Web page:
Graduate training in ‘robot-human interface’ awarded National Science Foundation grant

A wheeled robot with a mechanical arm reaches out to vines in a vineyard while a man controls it via a keyboard.
The NSF grant will build on robotics work already underway at WSU in agriculture, nuclear cleanup, and underwater operations. Photo courtesy of WSU graduate student Ranjan Sapkota.

A new generation of engineers at Washington State University will learn not only how to build better robots but also how to make them work better with, and for, humans — thanks in part to a $3 million NSF grant.

The multidisciplinary WSU project, dubbed NRT‑LEAD for NextGen Robotics Traineeship in Leadership, Entrepreneurship, and Adaptive Design, comes at a time when a flood of new technology including robots, autonomous systems and artificial intelligence promises to transform the workplace. The funding will advance research and help educate 52 doctoral and master’s students in engineering and science with an interdisciplinary emphasis in entrepreneurship and applied psychology.

“We want to train people who know how to design a better robot and who understand how the user will be operating it. They also need to think about how the machine will impact the community where it will be employed,” said Prashanta Dutta, WSU professor of mechanical and materials engineering and the lead principal investigator on the grant.

Robots can be attractive options in industries where there are labor shortages and the work is difficult, hazardous, or inaccessible for humans, Dutta added. The NRT‑LEAD project will focus on three work areas relevant to the state of Washington: agriculture, nuclear cleanup, and underwater operations.

The project spans five WSU locations and several colleges, involving faculty from the Pullman, Vancouver, Everett, and Tri‑Cities campuses as well as the WSU Prosser Extension site. Graduate students will take courses and engage in field work that helps them better understand what researchers call the “human-machine interface.”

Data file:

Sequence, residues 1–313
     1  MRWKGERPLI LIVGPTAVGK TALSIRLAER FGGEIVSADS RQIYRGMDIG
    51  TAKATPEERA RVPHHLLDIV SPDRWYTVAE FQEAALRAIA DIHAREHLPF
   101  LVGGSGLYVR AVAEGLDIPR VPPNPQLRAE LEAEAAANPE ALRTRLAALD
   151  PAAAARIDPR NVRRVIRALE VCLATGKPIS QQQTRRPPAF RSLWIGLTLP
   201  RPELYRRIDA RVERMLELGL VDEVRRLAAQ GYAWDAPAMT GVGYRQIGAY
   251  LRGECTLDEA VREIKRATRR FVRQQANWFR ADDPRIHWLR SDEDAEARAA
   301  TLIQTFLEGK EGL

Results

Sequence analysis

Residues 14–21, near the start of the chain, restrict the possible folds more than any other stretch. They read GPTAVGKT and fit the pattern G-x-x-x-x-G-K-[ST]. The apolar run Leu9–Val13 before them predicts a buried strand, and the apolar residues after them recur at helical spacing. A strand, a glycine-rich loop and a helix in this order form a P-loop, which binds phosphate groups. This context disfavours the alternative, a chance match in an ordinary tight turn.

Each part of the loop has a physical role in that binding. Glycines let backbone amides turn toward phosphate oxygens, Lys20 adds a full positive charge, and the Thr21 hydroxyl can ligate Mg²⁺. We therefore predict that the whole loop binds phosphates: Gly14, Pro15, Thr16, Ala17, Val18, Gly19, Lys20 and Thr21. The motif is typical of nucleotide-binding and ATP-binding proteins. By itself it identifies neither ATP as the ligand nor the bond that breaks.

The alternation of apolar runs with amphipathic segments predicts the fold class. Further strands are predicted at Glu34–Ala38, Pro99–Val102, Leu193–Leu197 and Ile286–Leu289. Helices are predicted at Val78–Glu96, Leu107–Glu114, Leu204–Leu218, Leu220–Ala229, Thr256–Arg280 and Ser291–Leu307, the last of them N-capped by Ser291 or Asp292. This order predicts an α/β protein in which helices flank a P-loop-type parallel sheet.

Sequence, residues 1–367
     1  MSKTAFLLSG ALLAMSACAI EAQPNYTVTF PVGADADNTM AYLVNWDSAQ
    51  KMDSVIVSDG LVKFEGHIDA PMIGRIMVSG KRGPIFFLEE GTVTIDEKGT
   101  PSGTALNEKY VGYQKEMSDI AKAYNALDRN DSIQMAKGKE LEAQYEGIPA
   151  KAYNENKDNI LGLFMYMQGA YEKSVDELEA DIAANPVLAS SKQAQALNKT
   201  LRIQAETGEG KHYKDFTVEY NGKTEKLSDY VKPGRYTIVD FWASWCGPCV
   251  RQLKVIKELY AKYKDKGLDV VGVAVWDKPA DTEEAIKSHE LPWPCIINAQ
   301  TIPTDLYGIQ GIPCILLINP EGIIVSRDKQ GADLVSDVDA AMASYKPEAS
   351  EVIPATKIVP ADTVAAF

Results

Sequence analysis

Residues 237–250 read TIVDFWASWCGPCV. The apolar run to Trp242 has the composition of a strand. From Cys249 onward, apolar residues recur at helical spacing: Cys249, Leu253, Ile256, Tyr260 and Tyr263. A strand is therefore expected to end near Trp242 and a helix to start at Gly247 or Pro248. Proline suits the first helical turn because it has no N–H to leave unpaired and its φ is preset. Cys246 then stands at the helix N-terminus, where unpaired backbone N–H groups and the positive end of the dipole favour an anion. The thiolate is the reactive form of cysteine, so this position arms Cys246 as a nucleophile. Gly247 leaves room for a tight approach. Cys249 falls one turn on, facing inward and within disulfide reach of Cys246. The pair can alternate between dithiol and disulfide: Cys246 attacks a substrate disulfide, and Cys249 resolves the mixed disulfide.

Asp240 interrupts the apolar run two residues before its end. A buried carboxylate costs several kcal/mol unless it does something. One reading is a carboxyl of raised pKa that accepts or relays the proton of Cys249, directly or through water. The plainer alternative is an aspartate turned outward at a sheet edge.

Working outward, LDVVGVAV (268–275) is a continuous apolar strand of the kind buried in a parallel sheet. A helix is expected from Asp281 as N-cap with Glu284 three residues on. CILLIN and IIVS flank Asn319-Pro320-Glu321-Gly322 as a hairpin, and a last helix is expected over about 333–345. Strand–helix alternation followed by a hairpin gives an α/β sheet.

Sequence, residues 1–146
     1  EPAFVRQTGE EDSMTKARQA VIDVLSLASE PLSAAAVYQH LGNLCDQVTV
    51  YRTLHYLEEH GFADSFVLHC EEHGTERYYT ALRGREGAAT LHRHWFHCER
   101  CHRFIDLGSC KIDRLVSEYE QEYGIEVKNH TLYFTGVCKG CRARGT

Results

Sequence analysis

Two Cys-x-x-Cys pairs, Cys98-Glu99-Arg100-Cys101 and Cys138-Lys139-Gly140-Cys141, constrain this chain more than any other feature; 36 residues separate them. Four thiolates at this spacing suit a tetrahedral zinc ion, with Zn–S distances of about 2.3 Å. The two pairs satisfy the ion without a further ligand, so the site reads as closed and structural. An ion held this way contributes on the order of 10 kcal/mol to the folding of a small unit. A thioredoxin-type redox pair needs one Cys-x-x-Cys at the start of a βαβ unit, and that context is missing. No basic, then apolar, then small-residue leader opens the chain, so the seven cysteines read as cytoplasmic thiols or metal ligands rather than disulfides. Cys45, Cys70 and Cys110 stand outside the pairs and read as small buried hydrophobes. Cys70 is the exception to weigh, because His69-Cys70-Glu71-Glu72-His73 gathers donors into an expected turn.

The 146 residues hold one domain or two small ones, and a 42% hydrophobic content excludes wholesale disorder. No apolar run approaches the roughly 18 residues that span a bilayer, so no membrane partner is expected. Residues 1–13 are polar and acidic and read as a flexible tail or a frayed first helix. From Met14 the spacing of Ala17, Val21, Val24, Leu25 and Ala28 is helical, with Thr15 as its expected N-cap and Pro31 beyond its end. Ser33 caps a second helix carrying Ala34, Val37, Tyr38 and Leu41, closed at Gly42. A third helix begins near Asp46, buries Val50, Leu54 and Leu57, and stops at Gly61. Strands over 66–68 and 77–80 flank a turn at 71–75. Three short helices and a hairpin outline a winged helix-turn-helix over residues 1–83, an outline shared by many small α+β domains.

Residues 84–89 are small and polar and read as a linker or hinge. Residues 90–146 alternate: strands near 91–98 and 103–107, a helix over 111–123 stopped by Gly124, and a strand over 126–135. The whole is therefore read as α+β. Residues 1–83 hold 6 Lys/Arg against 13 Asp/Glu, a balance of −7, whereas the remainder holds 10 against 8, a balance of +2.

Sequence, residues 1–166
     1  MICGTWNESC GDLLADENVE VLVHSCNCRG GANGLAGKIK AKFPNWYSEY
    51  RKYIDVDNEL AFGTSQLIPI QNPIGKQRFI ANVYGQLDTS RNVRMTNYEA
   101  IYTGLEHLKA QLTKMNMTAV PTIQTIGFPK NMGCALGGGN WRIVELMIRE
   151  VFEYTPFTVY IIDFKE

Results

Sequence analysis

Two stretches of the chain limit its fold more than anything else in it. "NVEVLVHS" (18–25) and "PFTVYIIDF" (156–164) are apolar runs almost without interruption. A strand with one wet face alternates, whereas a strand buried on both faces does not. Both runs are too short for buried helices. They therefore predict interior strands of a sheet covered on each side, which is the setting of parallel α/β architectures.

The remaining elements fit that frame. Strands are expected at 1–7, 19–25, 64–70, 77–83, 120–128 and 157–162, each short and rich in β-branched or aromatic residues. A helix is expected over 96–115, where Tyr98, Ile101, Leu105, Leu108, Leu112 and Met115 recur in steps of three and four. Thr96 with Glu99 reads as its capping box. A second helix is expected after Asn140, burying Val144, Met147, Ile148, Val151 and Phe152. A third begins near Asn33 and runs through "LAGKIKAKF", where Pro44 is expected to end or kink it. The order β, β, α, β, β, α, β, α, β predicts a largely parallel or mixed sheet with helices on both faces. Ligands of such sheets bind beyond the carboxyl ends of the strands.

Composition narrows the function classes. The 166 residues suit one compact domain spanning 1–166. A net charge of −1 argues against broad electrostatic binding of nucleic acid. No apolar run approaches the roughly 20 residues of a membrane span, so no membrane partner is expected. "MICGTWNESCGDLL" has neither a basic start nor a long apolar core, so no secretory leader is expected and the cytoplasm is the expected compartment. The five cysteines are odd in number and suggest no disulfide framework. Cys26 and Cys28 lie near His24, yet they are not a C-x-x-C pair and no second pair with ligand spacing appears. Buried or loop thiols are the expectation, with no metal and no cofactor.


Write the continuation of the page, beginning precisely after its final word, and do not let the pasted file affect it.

For instance, Tahira Probst, a WSU Vancouver psychology professor who specializes in workplace stress and job insecurity, will take students to visit agricultural sites to talk with workers directly about their concerns with using robots and fears of potentially losing jobs to them.

“It’s not just about developing new technology because oftentimes, technology outpaces the human side of things,” said Probst, who is a co-principal investigator on the grant. “We’re intentionally moving forward in how we train our graduate students in robotics and autonomous systems, so they take into account the human, equity, and social justice side of the equation as well as their place as leaders who are shaping the future of work.”

NRT‑LEAD will build on WSU research already underway in the three focus areas. In agriculture, university researchers are engaged with rural farming communities on the use of robots for pollination, pruning, fruit picking, and bird control. The goals are to enhance crop yield and quality; improve the long-term sustainability of the tree fruit industry; and reduce dependence on temporary labor while improving the workforce’s health and safety by decreasing exposure to common agricultural risks, such as falls from heights, heat exhaustion and insect stings.

In nuclear research, WSU Tri‑Cities faculty have advised in the ongoing cleanup of the Hanford Nuclear Site. They are also developing machine-based solutions such as an autonomous platform for nuclear waste monitoring using robots equipped with cameras and sensors to automate inspection of nuclear containers.

Underwater robotic developments range from autonomous submersibles to soft robots with propellers that mimic the movement of eels. NRT‑LEAD students will also have the advantage of WSU’s partnership with the U.S. Navy through the university’s engineering program in Bremerton.

“This project epitomizes one of the strengths of WSU, as it leverages the expertise that we have across many different campuses and different colleges,” said Probst.

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